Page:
TOKYO, Oct. 2 (Kyodo) — Tokyo Electric Power Co.'s in-house report showed Sunday the utility has found its own emergency manual was useless for handling the crisis at the Fukushima Daiichi nuclear plant and also repudiated the widely-held belief that a hydrogen explosion might have occurred at its No. 2 reactor.
The report indicated the utility prepared the manual with a view to dealing with nuclear plant accidents including severe incidents on the assumption that emergency power generators, including diesel generators, would work properly to keep reactor cooling systems functioning.
In fact, none of the backup generators worked after the March 11 earthquake and tsunami hit the plant located on the Pacific coast.
According to the report compiled by an intra-company investigative committee, the plant operator first recognized that large explosions had been heard at the No. 2 and No. 4 reactors past 6 a.m. on March 15.
The utility then confirmed that the air pressure in an area near the containment vessel of the No. 2 unit was falling and also that the upper part of the building housing the No. 4 unit had been seriously damaged.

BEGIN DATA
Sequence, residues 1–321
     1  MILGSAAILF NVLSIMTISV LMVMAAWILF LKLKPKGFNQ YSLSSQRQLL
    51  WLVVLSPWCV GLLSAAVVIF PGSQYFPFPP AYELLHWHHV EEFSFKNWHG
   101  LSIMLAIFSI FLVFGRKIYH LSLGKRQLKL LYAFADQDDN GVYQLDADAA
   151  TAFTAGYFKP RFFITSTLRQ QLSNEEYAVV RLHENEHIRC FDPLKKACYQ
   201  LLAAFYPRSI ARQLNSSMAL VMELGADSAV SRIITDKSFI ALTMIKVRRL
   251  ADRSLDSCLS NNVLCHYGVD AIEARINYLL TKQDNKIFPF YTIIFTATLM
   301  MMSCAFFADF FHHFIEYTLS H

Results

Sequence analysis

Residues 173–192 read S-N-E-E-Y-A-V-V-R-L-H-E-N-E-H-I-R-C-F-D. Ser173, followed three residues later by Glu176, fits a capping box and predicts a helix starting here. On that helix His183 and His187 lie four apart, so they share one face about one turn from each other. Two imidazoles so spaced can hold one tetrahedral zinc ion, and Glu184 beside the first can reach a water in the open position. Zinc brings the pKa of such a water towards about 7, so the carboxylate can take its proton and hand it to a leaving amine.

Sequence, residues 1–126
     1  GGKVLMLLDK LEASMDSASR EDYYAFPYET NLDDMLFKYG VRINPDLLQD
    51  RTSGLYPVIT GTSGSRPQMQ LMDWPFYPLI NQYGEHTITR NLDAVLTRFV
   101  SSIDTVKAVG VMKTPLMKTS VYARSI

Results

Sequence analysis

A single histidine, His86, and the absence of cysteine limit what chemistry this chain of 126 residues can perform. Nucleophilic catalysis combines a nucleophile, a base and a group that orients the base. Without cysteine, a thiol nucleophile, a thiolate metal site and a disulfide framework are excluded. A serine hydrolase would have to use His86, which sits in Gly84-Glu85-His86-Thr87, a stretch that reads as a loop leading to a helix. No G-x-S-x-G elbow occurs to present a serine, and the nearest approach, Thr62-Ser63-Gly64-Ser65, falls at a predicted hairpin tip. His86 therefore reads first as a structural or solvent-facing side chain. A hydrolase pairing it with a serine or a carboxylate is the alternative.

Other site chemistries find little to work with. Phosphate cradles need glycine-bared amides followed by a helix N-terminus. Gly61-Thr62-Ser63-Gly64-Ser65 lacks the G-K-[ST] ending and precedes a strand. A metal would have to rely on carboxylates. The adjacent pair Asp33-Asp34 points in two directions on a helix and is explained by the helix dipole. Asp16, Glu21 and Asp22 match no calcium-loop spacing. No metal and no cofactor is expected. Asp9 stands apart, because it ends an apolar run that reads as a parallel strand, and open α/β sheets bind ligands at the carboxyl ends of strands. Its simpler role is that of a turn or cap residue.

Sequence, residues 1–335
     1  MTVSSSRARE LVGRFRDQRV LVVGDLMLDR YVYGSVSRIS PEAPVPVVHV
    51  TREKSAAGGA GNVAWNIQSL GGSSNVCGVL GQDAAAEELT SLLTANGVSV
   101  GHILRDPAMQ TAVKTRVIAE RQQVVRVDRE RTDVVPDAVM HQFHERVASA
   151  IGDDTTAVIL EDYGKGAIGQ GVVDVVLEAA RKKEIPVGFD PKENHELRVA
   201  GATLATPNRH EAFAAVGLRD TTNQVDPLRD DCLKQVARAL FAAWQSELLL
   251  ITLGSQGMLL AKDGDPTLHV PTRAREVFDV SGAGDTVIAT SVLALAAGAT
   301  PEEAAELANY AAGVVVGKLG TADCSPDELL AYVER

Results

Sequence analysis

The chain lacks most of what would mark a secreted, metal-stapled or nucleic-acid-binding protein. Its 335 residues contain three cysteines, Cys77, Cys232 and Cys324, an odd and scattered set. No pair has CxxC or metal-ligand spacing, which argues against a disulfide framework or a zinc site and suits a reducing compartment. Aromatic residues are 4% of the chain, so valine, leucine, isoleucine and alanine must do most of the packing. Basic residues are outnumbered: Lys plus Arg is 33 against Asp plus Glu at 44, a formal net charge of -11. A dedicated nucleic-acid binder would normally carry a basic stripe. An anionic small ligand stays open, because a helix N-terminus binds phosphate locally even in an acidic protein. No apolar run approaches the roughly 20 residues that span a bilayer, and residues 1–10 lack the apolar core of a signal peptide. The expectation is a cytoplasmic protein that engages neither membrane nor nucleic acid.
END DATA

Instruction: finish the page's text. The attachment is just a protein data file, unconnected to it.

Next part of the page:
Subsequent analysis of the data led the company to conclude that an explosion had occurred at the No. 4 reactor, but it "erroneously recognized" that something akin to an explosion had possibly taken place at the No. 2 unit, according to the report.
In the accident at the Fukushima plant, the buildings housing the No. 1 and No. 3 reactors were damaged due to hydrogen explosions while that of the No. 4 unit, which was idled for a regular inspection at the time of the natural disasters, was also destroyed. The building of the No. 2 reactor still stands.
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